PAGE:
While in college, I learned that my hair was really red, no—dark blonde, but mostly brown. My face is long too, or slightly oval by some angles; with most plays of shadow and light my lips are thin, but to those who stand where they can see smiles at the corners, they’re cupid-bow pink. All this I learned while posing for a painting class for extra cash.


The popular Dove commercials reminded me about this experience and the whole beauty phenomenon; if I go sans makeup and let my hair fall in all its natural wildness it’s cool, because people will catch the angle of God’s love on my face if they take a minute to see from His light.

Because that’s what God’s artistry is–His wink reflecting in our gazes the moment they collide with imperfection. 

The Beauty of Lumps and Bumps

Life drawing, or drawing nude people, was one of the most interesting of my college classes. To see where muscle and bone interact is important in learning to draw the human form. For example, if you want to paint a woman working in her garden, you need to know what her triceps are doing as she leans forward, lifting

We were timed on each piece. I think this was a two minute attempt.

We were timed on each piece. I think this was a two minute attempt.

her arm to water the roses. How do you capture the right proportions with her arm outstretched and quads flexed to keep her balance…how does her skin stretch across her knuckles as she grips the watering can?

It helps to know what’s underneath so you can accurately bring the action to the surface. Of course, you never know all that goes on underneath unless a person is completely nude, and you’ll just have to trust me on that one.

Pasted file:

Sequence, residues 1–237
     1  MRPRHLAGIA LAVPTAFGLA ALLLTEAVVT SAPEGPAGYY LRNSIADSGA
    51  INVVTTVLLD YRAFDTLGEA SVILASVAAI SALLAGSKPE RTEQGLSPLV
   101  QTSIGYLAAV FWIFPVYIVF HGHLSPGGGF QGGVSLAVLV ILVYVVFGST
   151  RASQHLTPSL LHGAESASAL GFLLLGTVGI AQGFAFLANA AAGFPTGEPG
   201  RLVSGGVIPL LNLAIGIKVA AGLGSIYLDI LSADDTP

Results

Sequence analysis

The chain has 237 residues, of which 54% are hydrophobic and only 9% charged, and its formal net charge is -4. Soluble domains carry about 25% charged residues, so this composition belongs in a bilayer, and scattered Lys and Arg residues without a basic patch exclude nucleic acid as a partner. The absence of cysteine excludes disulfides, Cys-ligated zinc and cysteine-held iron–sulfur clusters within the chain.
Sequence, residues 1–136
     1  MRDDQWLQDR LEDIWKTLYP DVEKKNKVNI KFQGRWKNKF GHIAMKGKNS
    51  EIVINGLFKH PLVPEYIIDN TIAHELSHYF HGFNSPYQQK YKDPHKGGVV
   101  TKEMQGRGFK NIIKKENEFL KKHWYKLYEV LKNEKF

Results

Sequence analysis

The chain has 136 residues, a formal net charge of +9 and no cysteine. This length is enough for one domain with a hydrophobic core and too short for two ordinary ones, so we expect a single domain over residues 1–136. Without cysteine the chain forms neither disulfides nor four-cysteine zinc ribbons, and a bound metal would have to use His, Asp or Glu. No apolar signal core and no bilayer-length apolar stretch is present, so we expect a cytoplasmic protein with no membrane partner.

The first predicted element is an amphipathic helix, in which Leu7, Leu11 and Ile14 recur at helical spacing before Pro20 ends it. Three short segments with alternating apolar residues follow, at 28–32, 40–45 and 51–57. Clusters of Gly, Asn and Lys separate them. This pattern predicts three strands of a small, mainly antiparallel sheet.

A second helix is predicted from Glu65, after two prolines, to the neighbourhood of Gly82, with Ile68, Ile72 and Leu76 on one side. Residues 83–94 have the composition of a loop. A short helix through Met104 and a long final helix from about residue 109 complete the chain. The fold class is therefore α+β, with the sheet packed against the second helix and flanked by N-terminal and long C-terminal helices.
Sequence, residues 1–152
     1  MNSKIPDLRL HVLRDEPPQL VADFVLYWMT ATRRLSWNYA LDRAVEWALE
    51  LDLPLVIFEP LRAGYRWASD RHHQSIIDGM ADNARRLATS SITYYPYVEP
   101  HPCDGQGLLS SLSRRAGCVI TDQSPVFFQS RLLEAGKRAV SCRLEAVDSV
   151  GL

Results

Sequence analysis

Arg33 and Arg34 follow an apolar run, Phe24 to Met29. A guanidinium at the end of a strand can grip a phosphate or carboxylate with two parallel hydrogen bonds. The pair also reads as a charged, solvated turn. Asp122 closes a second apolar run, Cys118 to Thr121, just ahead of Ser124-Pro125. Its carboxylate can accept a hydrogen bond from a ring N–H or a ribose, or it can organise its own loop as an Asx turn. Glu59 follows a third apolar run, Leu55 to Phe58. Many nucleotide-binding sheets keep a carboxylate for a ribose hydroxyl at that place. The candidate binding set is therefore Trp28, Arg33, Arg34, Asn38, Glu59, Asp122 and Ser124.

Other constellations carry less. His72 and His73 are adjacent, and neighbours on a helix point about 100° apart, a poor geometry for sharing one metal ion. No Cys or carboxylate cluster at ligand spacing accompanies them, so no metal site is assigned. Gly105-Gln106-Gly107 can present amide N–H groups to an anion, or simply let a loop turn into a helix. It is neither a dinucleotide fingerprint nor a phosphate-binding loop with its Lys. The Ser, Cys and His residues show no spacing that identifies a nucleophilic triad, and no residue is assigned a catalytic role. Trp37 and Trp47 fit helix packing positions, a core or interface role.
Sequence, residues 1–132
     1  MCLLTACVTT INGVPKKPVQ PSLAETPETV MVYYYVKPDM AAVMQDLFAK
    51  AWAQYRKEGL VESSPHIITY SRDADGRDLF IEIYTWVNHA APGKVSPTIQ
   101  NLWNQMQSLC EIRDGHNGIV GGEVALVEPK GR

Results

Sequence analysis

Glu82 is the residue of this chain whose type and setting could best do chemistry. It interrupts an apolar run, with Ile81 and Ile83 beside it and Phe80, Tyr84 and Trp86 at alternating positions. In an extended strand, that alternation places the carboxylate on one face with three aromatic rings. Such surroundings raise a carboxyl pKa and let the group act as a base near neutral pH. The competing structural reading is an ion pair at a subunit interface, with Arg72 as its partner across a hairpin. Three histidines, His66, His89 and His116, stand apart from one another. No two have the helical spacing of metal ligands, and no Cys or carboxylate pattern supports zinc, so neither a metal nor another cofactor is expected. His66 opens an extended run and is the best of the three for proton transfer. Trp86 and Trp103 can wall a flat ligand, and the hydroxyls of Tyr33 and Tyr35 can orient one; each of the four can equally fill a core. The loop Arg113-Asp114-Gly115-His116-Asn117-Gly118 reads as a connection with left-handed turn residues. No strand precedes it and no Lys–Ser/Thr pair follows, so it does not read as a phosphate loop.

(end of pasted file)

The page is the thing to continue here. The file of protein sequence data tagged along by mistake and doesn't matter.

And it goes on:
Some of our models were athletic, some were obviously sedentary, and several were in between. The body can speak volumes without a single spoken word. Beauty, however, is a little different in the art world. Outside the studio, it’s all about looking young, fit, and stylish. But inside the studio, we capture the essence of beauty. The eternal kind of beauty—the kind people will pay thousands to grace their walls with. It could be a stolen glance between lovers, a deeply-lined palm of hand, a belly ripe with new life.

We called him the "Jesus guy" because he looked like all the old paintings.

We called him the “Jesus guy” because he looked like all the old paintings.

To this day, I like to guess what someone’s feet look like by the wear of their shoes. I know my own look a little different after years of ballet and two pregnancies. They’ve widened and changed shape and my shoes do show their story.

Several years ago, the retirement place where I work hosted a dance every Tuesday evening. Outsiders were invited—a handful showed up on a regular basis. One woman, along with her husband, shuffled in with her feet stuffed into slim, low heels. The shoes were so tight, her skin muffined out of them, and her gait was more of a limp. With every step, I could feel her pain. I don’t know how she managed to dance that way—I suppose she thought dance shoes had to look sexy, even to the point of pain. But she just didn’t fit the mold anymore, and she heeded the world over The Sculptor.

I could have told her that she’d dance much more beautifully in her Grandma shoes. Grandma shoes are made to cushion years of sacrifice—they’re made to support years of children, grandchildren, and all kinds of battles.

They hug the bulges pushed out from Love, and make smooth the tread of eternally beautiful feet.

Eternally beautiful feet aren’t necessarily young, or fashionable, and only some of them are

Everybody's favorite model. She had a certain essence.

Everybody’s favorite model. She had a certain essence.


But we know The Sculptor has spent much more time and care on them than any sexy heel fashioned by the world.

I could have told the woman that The Sculptor would rather her wear Grandma shoes—that He would want her to celebrate freely all the things that made her feet change. But my words wouldn’t have mattered if she didn’t realize the value of all those hidden things.


Go boldly into this week, knowing you were made to shine through any kind of surface.